In junior high, I already had the short end of the stick by living in an area that had very few white people. It was a few miles north of the border of Mexico, in San Diego, and was predominantly Hispanic, Filipino and African-American. Given that fact and the fact that I had a severe lack of social skills based on an abuse I fell victim to when I was eight, I had a pretty worthless concoction of junior high desirability. As an adult, I have had dreams of me at my junior high, full of anxiety for running late to class and missing days of school. Every dream has me freaked out, alone and scared. Which pretty much sums up my mentality throughout junior high. Sure, I had some friends and we have fun memories but it turns out they only really liked me to get to my older brother (several of them dated him). As a teenager, I read a note to him from an ex-boyfriend’s sister and it said that this ex of mine had only dated me because she was dating my brother. That was a pretty bad “baptism by fire” of how I felt the world thought of me. In the beginning of junior high, I was timid and learned how to take the verbal blows and threats thrown my way and was extremely naive. But soon, I learned about the lies and deceit, I learned how to make people laugh and learned to rebel and do things that made people want to be around me. I learned to be a puppet-master, only the strings I was holding were also manipulated by the marionettes themselves.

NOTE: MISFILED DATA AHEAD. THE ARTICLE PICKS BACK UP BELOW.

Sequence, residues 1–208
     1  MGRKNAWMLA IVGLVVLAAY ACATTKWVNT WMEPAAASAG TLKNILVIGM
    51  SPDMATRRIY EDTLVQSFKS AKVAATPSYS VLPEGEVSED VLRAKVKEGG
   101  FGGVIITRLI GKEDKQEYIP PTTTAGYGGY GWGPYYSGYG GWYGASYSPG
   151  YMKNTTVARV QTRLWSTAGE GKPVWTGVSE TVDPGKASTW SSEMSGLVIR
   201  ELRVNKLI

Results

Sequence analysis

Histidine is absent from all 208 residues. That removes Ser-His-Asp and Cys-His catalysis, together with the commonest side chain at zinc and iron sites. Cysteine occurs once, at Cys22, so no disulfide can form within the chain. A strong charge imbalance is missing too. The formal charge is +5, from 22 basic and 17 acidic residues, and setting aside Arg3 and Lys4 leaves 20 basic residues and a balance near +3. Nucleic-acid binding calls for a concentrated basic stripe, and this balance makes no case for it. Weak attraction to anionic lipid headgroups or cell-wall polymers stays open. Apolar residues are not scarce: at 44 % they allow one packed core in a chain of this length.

I started all over with friends again by attending a new high school in another district. Due to it being new, they were allowing kids in from all over the county and were starting with grades ten and nine.Ā  My class would be the first graduating class so this was very new but very exciting. Bringing my bad habits from junior high, I got worse in high school. Strangely enough, I excelled in my Color Guard and Choir (even picking up the lead solo part in our big musical) while plummeting in my social interaction. I started minor then major drugs. Stealing a large amount of cash and items and then running away for the weekend got me kicked out of this amazing school.